On These Disks, Storage Isn't Only Skin Deep
PEER DOWN INTO THE NEW CD-like disk developed at the State University of New York at Buffalo, and you can see Bugs Bunny up to his usual antics. What's so special about that? The disk doesn't spin steadily. Instead, the cartoon's successive frames are pulled from stacks of microscopic images extending deep inside the disk. Because these new optical disks store information in 100 or more layers, not just on the surface, they already hold up to 1 terabyte of data. That's 1 trillion characters, or 1,000 times as much as ordinary CDs.
The main secrets behind this three-dimensional trick are new dyes, for which the university is seeking patents, and a high-powered, pulsed infrared laser. Jayant B. Bhawalkar, an assistant professor at Buffalo's Photonics Research Laboratory, says the dyes respond only to the powerful infrared light. And because the beam is tightly focused at a precise distance, writing information on a specific layer--or retrieving it--is done by moving the laser up or down.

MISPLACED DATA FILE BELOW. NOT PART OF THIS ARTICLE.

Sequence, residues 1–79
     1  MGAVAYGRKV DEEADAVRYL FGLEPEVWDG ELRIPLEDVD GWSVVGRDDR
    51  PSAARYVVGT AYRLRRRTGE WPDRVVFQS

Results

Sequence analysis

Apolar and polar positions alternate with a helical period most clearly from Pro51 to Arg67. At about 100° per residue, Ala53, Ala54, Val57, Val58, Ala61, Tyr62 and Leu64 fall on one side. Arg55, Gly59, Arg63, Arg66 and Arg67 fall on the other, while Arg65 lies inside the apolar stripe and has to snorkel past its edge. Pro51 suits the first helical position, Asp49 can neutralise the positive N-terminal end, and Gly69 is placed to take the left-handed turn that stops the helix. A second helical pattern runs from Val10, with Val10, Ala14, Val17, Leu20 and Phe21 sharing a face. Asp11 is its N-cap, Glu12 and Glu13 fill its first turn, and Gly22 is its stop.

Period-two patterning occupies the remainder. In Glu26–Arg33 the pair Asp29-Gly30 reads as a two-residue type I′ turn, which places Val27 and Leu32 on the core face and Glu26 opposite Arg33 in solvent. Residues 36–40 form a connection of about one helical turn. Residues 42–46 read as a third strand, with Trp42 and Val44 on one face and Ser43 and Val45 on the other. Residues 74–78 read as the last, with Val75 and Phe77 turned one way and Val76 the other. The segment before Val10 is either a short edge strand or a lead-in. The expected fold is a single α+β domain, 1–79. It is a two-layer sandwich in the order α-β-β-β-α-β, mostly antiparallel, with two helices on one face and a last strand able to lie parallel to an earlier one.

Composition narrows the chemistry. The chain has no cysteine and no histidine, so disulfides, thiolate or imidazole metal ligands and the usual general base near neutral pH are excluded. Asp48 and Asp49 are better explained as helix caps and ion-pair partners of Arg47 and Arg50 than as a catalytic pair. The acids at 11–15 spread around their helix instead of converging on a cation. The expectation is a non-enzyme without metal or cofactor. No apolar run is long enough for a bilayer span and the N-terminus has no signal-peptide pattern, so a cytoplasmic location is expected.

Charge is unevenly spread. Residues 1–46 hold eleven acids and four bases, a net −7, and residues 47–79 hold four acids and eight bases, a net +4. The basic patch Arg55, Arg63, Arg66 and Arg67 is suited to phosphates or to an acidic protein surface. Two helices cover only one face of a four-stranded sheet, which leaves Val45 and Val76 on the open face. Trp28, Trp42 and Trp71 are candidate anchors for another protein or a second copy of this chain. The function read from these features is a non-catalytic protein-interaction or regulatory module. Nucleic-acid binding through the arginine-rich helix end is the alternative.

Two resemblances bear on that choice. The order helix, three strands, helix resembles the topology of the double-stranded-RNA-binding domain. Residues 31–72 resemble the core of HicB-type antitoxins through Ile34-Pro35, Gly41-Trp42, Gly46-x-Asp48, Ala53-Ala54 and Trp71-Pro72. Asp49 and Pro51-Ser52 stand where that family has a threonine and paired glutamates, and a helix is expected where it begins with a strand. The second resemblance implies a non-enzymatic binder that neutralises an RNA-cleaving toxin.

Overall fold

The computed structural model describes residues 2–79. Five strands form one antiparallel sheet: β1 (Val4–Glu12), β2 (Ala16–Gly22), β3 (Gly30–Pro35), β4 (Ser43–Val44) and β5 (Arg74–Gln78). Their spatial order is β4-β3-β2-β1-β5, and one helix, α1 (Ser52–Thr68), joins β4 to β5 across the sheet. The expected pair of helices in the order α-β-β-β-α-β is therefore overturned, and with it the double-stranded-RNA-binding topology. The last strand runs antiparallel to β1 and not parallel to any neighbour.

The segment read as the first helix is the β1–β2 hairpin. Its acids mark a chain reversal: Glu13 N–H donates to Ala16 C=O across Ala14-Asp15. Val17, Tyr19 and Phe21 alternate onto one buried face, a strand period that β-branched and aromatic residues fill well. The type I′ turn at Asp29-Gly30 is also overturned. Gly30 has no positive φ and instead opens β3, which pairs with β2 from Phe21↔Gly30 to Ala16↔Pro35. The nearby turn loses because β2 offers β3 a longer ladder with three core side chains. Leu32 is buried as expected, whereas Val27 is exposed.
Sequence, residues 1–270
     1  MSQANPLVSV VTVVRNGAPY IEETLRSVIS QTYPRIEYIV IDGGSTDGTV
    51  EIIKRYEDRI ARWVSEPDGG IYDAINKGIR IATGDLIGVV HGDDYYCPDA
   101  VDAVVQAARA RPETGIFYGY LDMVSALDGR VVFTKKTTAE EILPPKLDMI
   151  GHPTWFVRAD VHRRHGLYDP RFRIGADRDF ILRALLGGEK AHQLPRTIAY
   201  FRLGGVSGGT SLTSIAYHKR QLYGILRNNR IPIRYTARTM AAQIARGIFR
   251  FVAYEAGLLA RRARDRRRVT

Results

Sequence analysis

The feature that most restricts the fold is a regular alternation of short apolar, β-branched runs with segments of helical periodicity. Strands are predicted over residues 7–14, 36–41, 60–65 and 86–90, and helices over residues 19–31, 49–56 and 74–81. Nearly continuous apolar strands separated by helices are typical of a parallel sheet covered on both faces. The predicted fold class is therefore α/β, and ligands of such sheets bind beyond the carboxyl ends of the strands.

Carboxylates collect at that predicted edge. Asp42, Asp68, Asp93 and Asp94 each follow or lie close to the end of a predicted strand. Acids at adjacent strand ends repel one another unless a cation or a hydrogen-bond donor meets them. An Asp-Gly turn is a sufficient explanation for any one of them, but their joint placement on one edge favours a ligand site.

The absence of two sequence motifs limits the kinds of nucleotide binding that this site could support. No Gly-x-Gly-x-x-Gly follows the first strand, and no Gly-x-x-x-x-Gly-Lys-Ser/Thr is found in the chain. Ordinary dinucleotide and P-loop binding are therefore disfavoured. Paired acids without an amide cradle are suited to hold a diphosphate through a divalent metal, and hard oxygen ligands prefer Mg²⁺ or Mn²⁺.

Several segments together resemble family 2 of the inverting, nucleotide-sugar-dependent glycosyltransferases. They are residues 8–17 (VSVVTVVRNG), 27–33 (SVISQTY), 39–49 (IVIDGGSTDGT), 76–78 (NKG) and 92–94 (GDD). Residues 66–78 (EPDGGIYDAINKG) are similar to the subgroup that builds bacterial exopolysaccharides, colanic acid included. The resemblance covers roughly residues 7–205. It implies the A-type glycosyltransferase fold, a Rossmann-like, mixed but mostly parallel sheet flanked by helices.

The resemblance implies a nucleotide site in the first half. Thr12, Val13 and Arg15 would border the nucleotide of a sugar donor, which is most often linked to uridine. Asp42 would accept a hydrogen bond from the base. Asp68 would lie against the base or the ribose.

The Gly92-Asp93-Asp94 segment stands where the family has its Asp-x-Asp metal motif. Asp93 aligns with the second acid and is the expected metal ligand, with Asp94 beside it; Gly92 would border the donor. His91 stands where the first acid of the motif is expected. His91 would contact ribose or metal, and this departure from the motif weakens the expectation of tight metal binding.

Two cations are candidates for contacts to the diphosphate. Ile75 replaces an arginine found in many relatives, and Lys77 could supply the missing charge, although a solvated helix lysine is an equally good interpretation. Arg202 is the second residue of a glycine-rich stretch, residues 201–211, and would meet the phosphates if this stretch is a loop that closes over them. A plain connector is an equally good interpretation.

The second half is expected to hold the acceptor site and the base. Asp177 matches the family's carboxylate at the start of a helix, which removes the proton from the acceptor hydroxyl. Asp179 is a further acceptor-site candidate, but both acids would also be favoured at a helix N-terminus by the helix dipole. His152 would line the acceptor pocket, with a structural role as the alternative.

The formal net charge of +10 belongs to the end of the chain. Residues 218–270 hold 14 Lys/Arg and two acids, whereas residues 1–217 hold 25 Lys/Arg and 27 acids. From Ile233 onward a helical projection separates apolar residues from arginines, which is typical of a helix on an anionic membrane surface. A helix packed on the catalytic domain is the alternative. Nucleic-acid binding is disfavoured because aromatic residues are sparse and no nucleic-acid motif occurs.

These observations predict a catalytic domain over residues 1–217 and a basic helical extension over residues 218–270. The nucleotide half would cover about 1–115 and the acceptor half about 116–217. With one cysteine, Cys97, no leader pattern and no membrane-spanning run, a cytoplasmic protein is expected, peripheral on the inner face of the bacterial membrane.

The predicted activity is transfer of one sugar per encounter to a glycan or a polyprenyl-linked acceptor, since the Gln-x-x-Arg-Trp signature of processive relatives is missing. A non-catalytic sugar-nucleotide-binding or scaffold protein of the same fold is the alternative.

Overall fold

Although the laser's read/write head is similar to those in CD recorders, the pulsed laser is "currently very expensive," according to Bhawalkar. So don't look for consumer 3-D CDs anytime soon. Buffalo intends to license the technology after it receives a patent on the dyes. Because of the laser's cost, initial applications will probably be for archival storage of data and pictures at companies and libraries.